1. Recommend increased bicycle funding in Metro’s 2011 Call For Projects (tentatively increasing the bicycle modal category from 7% to 15%, pending MTA board approval).
  2. Develop a phased plan to install triple racks on all MTA buses
  3. Develop a cost estimate, implementation schedule, and funding sources to retrofit subway and light rail  cars for bicycles
  4. Propose a revised Customer Code of Conduct to be more bicycle friendly and create a “how to ride metro” document for large package, bicycles, strollers, etc.
  5. Identify the feasibility of adding bike racks to MTA vanpool vehicles
  6. Provide estimated costs and potential funding sources to install improved way-finding signage at all Metro stations
  7. Include bicycle mode messages in all Metro marketing materials and provide updates on Metro’s Bicycle Safety Advertising Campaign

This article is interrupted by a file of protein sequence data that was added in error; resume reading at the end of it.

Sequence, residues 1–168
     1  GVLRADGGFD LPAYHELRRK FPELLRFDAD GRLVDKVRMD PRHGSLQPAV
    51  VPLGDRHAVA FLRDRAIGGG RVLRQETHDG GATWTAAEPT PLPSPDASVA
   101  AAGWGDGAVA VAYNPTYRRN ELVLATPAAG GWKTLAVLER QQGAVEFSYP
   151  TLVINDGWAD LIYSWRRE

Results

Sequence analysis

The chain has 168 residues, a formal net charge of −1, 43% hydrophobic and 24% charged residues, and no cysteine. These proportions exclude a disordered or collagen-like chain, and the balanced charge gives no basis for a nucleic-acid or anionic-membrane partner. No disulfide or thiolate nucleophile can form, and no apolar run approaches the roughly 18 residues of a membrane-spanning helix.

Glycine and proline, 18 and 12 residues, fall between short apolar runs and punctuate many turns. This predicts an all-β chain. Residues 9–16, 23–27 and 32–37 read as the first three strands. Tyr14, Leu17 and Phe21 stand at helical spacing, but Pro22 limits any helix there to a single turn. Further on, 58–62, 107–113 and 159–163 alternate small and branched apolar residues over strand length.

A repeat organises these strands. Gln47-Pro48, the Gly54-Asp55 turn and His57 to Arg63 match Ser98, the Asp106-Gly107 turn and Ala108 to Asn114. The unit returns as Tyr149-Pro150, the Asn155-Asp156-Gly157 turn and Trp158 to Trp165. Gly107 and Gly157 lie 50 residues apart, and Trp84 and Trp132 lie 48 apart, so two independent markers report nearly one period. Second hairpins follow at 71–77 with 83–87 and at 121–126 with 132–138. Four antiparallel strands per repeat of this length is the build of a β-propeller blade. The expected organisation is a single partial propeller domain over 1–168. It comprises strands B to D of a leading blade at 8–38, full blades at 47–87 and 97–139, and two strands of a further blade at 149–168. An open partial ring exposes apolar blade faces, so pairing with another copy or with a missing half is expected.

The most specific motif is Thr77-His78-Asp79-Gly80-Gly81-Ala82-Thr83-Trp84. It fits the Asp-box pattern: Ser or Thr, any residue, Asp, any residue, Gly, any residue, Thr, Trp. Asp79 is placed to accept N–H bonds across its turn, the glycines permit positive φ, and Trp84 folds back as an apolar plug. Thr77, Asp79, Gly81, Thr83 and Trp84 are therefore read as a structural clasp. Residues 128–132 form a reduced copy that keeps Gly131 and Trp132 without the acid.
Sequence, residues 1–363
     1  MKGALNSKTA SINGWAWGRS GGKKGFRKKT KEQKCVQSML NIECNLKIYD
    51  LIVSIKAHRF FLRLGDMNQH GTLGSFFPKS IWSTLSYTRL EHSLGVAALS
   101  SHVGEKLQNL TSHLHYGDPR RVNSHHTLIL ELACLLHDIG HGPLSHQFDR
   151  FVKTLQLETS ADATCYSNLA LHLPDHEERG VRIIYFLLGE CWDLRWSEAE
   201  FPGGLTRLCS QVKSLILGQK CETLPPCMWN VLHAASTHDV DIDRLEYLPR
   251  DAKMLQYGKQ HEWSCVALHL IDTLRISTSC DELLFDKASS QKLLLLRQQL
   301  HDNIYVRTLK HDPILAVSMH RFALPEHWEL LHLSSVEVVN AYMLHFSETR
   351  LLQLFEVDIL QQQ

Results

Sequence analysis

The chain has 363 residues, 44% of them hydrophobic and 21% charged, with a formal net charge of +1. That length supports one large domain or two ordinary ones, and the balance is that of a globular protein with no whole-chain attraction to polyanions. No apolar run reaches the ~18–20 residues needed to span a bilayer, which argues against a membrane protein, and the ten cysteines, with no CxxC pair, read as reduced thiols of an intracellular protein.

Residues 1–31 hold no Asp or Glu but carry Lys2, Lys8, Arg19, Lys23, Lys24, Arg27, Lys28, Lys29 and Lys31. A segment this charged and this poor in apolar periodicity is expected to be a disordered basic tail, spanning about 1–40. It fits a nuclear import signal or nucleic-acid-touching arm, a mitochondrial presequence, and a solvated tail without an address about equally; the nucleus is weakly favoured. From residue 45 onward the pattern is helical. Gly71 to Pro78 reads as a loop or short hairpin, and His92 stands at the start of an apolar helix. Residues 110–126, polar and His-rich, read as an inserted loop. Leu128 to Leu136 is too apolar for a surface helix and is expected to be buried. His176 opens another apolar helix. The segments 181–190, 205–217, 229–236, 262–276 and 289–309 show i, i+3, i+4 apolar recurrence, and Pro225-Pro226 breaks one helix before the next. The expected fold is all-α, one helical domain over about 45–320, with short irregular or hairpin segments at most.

8. Work with LA County Sheriff to track bicycle theft and crime at all Metro stations and suggest safety improvements
  9. Include ramp designs for stairs at all new Metro stations so bicyclists can wheel their bikes up the stairs; and
  10. Incorporate robust bicycle facilities in all new transit project designs to facilitate first/last mile transit access

Also on the docket is the property swap at the Hollywood & Vine Metro station that will allow for the construction of a new bike station.  The action item is meant to: